United States visas

New American citizens (L to R) Leslie Tapia, from Mexico, Sanzida Khanam, from Bangladesh and Pablo Espinales, from Ecuador, raise their hands for the Pledge of Allegiance during a naturalization ceremony at The Metropolitan Museum of Art in New York on J

The US government finally lifts the curse of the ‘golden cage’ visa


Thousands of highly skilled immigrants are admitted into US each year, but their highly skilled spouses were not allowed to work. But that’s about to change.

Brahim Djahra, from Algeria, clings to the Americans flag during a special naturalization ceremony held at the Martin Luther King Jr. Memorial in Washington on August 28, 2014.

Help is finally on the way for holders of America’s ‘prisoner visa’


Chicago’s Polish Village businesses hope immigration reform leads to revival

Global Politics

Immigration reform would bring end to U.S. visa program benefitting Africans

Global Politics

Mexican families separated by border look to immigration reform to reunite them

Global Politics

As immigration reform talk boils, immigrants wait in lines — that may only get longer

Global Politics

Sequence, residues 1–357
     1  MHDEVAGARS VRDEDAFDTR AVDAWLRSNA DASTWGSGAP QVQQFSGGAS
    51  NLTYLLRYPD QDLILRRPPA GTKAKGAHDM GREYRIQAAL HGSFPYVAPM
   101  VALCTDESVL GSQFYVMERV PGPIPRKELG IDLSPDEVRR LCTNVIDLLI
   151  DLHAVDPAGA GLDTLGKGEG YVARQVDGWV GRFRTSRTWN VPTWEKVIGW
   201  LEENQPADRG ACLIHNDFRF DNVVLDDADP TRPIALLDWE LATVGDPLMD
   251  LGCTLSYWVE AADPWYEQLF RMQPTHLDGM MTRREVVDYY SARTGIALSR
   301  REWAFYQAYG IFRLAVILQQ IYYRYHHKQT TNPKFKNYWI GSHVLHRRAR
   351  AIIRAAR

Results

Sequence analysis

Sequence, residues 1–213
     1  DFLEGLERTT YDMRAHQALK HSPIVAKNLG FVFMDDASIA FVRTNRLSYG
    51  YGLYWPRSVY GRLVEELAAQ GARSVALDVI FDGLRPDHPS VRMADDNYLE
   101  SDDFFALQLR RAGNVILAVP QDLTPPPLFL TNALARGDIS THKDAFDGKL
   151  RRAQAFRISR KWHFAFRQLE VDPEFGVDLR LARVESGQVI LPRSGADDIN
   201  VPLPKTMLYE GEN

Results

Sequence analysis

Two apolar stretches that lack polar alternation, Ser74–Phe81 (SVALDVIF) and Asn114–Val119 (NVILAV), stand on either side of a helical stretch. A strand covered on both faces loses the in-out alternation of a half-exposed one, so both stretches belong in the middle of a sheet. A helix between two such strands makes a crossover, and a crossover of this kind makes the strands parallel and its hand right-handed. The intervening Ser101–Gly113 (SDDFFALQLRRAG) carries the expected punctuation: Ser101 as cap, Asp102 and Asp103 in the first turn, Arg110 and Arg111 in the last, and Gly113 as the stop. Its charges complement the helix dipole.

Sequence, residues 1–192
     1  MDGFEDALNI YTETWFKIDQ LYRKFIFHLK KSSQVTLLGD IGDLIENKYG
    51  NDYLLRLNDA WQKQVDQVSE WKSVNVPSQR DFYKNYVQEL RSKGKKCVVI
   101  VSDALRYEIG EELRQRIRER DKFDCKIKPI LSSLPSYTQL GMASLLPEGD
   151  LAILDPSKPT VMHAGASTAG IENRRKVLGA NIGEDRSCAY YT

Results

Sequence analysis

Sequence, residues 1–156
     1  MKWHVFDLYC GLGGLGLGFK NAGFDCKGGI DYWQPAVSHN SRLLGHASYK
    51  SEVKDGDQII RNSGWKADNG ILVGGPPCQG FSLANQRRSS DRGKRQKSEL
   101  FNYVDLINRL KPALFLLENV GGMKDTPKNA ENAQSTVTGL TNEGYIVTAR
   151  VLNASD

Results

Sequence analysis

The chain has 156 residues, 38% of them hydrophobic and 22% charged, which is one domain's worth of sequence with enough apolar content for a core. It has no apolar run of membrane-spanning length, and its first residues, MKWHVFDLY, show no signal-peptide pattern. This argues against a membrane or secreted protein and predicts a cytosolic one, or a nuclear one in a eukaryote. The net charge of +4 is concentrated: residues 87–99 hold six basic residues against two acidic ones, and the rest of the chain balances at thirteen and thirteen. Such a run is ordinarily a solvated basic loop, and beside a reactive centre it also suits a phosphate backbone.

There are thousands, perhaps millions of immigrants waiting in line, legally, to become U.S. citizens. Politicians agree that those who may be put on a path to legalization by immigration reform should wind up “behind” those already in line. What that means, though, is ill-defined. And if the line doesn’t speed up, folks may die in line.

Chicago’s Polish Village Hopes Immigration Reform Will Spark a Revival

Conflict & Justice

It’s unclear whether Congress will pass immigration reform this year, but one neighborhood in Chicago thinks reform may represent a way to revive its ethnic identity.

Senate’s Immigration Bill Quietly Curtails African Flows

Conflict & Justice

The immigration bill making its way through the Senate would put an end to the so-called ‘Green Card Lottery.’ The World’s Jason Margolis explains why the proposed change has sparked anger among African immigrants living in the US.

The World

In Mexico, Families Hope Immigration Reform Will Trigger Long-Awaited Reunions

Conflict & Justice

Many Mexican families are tuned into news from Washington and whether Congress will change immigration laws. From the public radio collaboration Fronteras Desk, Jude Joffe-Block reports from Mexico about families hoping for long-awaited reunions.

Immigration: What Does ‘Getting in Line’ Really Mean?

Conflict & Justice

When it comes to immigration reform, President Barack Obama and Republican lawmakers generally agree on one starting point: that undocumented immigrants seeking US citizenship should get in the “back of the line.”